Supporters say that’s not the case. 

A subsequent poll in late May by the Los Angeles Times and the University of Southern California of 1,506 registered voters found 10 percent undecided, 49 percent favoring legalization and 41 percent opposing. However, one-third of supporters said they favored Proposition 19 only “somewhat.”  On June 29, Reuters released a poll of 600 registered voters, which was another statistical dead heat: 50 percent opposed, 48 percent in favor. 

The Los Angeles Times poll examined attitudes about legalization among different demographic groups.  Age is a significant factor -- and one of the keys to Proposition 19’s strategy.  Support for legalization among voters ages 18 to 29 was 61 percent. But 52 percent of voters 65 and older opposed legalization. Support for legalization was 49 percent among voters aged 45 and 64 and 53 percent for those ages 30 through 44. 

Men favor legalization, but women are split. Married women rejected Proposition 19, 49 percent to 40 percent in support.  The 37 percent of the poll’s respondents who said they had smoked marijuana supported the initiative. Of the 11 percent who said they had smoked marijuana within the last year, the support rate was 81 percent. Those who had never tried pot – 57 percent of respondents – opposed the ballot measure. 

Supporters of Proposition 19 are banking on younger voters coming to the polls and occasional, “low-propensity” voters who will cast a ballot simply in favor of legalizing marijuana.  The proposition’s backers say they don’t need to mobilize voters, voters are coming to them.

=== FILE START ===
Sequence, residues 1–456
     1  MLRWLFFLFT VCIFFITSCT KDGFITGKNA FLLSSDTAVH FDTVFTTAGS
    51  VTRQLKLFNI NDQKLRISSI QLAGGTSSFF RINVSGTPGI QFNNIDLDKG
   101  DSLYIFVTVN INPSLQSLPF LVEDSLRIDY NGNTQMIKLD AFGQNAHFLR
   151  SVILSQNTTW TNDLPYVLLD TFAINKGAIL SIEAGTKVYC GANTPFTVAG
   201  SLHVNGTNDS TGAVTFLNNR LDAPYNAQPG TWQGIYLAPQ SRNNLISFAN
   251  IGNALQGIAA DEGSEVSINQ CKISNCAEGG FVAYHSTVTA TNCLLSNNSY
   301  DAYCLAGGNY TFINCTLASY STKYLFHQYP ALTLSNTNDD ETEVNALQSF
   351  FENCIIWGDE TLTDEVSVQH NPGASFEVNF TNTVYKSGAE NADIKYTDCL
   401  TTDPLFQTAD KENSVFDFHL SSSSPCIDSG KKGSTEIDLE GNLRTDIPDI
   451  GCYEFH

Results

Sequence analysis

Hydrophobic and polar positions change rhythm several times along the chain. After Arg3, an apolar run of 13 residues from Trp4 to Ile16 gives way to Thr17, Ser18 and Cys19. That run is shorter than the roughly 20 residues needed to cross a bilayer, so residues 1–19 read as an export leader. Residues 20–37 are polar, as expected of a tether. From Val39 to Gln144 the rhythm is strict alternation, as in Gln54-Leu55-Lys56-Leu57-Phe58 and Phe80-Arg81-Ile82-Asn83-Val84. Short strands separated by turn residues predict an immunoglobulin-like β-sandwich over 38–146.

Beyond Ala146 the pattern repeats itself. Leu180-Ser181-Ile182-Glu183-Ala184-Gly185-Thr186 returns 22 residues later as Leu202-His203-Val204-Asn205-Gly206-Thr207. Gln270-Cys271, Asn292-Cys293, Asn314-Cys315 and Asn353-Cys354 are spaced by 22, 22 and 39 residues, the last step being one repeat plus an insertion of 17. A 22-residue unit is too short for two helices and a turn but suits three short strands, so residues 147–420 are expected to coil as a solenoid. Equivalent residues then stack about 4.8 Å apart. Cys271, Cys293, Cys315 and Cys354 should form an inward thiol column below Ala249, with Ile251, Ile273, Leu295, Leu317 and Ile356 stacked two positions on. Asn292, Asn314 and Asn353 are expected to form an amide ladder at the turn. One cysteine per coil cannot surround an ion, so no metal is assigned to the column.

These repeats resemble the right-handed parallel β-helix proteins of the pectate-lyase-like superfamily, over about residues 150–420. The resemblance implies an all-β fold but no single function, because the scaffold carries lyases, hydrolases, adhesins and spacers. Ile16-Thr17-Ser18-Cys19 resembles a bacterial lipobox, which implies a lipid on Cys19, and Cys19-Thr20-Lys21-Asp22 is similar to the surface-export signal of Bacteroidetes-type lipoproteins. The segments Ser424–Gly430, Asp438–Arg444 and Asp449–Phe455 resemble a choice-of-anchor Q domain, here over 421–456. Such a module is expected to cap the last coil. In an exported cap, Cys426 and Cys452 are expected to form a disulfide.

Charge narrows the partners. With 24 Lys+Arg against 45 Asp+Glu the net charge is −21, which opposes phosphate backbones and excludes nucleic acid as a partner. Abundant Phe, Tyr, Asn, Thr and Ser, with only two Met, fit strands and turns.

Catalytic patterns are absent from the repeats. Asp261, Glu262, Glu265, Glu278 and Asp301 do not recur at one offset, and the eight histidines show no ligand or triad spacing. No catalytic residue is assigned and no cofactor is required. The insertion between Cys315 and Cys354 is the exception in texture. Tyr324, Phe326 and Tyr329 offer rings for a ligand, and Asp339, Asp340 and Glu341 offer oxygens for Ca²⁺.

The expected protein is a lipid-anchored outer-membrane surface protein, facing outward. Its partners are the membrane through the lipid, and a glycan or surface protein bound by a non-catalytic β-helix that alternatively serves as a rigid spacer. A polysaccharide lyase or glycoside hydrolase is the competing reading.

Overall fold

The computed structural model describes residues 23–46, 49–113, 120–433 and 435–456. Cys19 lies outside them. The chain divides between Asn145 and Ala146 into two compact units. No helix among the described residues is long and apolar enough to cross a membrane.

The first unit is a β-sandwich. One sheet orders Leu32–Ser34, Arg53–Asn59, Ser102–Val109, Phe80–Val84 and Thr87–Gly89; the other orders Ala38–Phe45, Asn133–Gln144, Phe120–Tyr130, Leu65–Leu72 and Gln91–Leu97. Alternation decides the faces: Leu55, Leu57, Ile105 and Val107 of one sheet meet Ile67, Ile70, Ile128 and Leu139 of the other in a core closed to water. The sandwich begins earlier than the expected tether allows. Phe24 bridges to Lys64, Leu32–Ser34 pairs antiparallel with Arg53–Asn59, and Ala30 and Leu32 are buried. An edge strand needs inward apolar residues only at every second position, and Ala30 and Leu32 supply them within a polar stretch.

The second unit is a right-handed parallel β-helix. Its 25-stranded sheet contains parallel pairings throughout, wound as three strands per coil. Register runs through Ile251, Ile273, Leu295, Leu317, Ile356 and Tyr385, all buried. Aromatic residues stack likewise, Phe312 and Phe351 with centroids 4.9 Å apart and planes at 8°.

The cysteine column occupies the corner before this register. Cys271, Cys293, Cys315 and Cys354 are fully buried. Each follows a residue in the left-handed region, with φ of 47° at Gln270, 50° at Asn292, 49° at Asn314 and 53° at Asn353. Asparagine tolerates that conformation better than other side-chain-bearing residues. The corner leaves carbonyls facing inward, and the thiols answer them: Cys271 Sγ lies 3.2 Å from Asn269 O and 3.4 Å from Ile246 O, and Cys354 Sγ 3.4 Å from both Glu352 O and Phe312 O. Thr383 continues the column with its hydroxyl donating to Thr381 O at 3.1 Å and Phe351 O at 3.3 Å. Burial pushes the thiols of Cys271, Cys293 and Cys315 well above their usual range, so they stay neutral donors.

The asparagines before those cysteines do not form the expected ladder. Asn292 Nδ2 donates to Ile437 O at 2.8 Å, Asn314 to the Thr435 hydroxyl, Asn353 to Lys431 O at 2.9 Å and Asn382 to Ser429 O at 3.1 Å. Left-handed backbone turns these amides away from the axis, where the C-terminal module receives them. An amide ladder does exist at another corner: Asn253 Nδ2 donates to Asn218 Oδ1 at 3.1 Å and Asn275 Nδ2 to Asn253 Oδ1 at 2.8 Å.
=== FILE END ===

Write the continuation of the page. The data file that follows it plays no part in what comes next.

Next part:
Among its recent announcements, the “yes” campaign noted its number of Facebook friends surpassing 100,000.  “This will translate into motivated volunteers, donors, increased voter turnout and 100,000 people spreading the word to their friends and neighbors with a passion and intensity that our opponents will never match,” said Dan Newman, a spokesman for Tax Cannabis 2010.  “Our research shows that a large number of occasional voters, particularly younger voters, will show up at the polls specifically to vote for this initiative,” Newman said. 

Newman says that support from low-propensity voters is not reflected in polls, which, therefore, underestimate Proposition 19’s popularity.  Turnout overall is lower in non-presidential election years, skewing outcomes because a greater number of high propensity voters cast ballots. Those voters tend to be older, white and monied.  Young voters are not as reliable as older voters. The number of California 18- to 29-year-old voters casting ballots in midterm elections hovers around 25 percent. 

Burton, the state Democratic Party’s chair, counters that the combination of Proposition 19 and Proposition 23, which seeks to suspend AB 32, California’s landmark greenhouse gas reduction law, will be a powerful draw for younger voters who have a higher “green ethos” than older voters. 

So far, no polling supports that view. 

The last attempt to legalize marijuana was a 1972 ballot measure, also numbered Proposition 19. It was defeated by a 66 percent to 33 percent margin.


*  For more information:

No On Prop 19

Yes on 19